This playlist focuses on the state of the environment—specifically our water supply—and highlights issues of conservation and sustainability.
Films in This Playlist Include
Crapshoot: The Gamble with our Wastes
The Water Bearer
Pukaskwa National Park
Force of Nature: The David Suzuki Movie
A hazardous mix of waste is flushed into the sewer every day. The billions of litres of water - combined with unknown quantities of chemicals, solvents, heavy metals, human waste and food - where does it all go? And what does it do to us? Filmed in Italy, India, Sweden, the United States and Canada, this bold documentary questions our fundamental attitudes to waste. Does our need to dispose of waste take precedence over public safety? What are the alternatives?
This feature documentary is an investigation into the effects of the chemicals we are all exposed to in our daily lives. The film begins with the filmmaker Barri Cohen’s own 10-year-old daughter, whose blood carries carcinogens like benzene and the long-banned DDT. Then, it heads out to Windsor and Sarnia: Canadian toxic hotspots, with startling clusters of deadly diseases. The film presents passionate activists working for positive change, along with doctors and scientists who see evidence of links between environmental pollution and health problems. Carried by Cohen's passion for truth and her disarming openness, this moving documentary is essential viewing for anyone concerned about the effects of pollutants on our - and our children's - very DNA.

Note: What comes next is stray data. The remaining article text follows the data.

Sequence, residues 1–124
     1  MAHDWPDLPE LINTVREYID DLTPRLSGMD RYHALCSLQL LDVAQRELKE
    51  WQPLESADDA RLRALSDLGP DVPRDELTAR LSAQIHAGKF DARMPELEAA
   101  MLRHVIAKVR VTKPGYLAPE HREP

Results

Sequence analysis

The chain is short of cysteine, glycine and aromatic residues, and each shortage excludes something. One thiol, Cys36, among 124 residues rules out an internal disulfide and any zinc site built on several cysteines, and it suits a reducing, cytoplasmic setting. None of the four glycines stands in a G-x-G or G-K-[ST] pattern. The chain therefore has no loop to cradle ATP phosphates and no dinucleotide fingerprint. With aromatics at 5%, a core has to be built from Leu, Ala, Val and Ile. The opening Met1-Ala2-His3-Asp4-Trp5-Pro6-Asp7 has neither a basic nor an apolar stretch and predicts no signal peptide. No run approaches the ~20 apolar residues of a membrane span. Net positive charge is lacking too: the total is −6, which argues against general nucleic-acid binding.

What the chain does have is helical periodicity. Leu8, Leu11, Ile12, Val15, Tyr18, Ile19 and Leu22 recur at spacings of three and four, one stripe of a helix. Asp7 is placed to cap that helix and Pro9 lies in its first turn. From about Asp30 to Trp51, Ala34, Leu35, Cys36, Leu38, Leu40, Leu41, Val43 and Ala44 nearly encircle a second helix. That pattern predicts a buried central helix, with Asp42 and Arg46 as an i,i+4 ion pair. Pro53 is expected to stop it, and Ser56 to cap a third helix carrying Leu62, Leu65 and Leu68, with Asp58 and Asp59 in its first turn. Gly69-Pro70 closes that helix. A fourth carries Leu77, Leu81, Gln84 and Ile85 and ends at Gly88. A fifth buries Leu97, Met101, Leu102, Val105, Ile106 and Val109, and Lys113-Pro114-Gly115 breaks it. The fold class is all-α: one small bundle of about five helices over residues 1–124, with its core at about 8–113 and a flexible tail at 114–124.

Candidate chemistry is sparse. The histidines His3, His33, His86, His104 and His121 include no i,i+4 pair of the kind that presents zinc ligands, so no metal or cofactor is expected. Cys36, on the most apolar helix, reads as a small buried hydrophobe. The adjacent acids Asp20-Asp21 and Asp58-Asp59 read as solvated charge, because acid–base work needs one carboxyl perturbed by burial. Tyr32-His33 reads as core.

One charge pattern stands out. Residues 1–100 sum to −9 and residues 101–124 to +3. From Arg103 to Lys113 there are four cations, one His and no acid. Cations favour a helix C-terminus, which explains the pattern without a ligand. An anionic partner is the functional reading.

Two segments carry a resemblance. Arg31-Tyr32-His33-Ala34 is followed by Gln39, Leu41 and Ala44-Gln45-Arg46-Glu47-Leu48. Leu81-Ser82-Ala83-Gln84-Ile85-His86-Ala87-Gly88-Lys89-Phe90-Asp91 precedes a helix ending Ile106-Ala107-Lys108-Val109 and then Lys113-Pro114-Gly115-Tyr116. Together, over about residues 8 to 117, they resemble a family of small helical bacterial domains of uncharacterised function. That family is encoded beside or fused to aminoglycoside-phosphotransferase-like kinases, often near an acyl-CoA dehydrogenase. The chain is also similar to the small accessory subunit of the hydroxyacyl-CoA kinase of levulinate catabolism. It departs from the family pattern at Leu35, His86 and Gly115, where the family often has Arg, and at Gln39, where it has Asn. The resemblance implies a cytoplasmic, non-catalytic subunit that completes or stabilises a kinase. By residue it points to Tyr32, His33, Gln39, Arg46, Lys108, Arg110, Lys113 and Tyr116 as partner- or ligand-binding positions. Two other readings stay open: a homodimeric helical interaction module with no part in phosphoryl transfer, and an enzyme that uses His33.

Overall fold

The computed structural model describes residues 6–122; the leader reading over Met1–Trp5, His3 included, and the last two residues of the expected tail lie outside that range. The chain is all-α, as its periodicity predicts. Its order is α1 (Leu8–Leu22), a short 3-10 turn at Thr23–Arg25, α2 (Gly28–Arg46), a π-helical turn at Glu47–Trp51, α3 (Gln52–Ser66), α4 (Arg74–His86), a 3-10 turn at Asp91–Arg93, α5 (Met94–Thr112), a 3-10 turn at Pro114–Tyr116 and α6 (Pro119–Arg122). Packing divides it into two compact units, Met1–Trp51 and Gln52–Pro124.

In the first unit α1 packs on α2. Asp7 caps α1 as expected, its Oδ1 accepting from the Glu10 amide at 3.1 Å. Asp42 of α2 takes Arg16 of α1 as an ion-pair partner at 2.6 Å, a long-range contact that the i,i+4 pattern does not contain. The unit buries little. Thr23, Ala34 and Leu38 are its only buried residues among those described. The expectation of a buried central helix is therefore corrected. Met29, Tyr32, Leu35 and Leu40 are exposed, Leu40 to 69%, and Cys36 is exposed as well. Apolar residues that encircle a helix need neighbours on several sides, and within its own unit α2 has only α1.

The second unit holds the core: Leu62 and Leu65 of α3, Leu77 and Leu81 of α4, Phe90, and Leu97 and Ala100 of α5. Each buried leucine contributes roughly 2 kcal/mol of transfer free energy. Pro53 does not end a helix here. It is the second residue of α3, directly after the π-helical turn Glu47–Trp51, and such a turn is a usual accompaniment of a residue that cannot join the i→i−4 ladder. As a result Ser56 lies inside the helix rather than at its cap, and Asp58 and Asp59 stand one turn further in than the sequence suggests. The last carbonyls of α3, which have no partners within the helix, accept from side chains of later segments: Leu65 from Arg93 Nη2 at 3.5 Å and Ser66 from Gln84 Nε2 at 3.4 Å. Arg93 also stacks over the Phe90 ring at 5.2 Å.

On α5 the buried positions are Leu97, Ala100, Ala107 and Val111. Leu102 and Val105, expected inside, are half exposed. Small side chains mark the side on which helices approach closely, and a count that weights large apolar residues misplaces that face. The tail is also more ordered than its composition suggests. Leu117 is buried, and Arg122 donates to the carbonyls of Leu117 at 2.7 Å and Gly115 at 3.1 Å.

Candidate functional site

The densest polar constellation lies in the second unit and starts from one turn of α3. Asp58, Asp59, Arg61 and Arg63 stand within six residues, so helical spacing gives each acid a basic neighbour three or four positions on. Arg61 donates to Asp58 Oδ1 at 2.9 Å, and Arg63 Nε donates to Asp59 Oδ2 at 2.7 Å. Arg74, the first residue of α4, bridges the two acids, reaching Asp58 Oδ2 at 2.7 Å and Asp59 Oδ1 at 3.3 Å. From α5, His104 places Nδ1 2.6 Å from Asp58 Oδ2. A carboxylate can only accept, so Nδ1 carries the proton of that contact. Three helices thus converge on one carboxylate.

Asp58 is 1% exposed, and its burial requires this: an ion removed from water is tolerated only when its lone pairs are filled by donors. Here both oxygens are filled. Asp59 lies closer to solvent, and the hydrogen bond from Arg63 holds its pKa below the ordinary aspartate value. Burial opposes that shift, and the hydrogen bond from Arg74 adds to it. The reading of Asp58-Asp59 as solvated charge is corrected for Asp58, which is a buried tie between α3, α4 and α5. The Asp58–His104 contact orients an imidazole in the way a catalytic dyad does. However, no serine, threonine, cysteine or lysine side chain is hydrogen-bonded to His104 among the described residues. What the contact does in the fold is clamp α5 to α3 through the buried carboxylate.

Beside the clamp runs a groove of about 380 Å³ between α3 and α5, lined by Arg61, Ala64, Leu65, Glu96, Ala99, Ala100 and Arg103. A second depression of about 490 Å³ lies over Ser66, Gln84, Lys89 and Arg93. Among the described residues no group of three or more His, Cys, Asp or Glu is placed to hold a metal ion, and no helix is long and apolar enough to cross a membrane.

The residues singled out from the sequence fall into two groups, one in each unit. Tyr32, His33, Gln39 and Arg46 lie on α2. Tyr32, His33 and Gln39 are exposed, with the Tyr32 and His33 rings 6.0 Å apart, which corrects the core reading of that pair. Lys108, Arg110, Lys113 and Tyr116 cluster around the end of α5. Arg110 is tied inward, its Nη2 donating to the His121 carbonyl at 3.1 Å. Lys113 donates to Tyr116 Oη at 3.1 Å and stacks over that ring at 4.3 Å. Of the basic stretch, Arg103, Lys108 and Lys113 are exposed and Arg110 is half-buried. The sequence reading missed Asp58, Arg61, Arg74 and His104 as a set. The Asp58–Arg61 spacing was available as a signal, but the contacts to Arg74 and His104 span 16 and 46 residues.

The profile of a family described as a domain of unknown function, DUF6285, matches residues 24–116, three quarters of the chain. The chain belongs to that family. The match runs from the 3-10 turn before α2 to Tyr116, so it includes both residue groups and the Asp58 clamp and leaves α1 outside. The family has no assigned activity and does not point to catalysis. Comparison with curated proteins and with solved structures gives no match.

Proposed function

Toxic Trespass is accompanied by a comprehensive guidebook for educators, activists and concerned citizens, produced by the Women's Healthy Environment Network.
This short documentary by Bill Mason explores Pukaskwa National Park on Lake Superior, providing a background of the park's geological past and plant life. The film also shows scenes of hiking, canoeing and camping. The result is to put us back in touch with the natural elements that our ancestors both fought and enjoyed.
This feature documentary profiles the life and work of world-renowned Canadian scientist, educator, broadcaster and activist David Suzuki on the occasion of his last lecture in 2009—a lecture he describes as “a distillation of my life and thoughts, my legacy, what I want to say before I die.” As Suzuki reflects on his family history—including the persecution of Japanese Canadians during WWII—and his discovery of the power and beauty of the natural world, we are spurred to examine our own relationship to nature, scientific knowledge, and sustainability throughout modernity and beyond.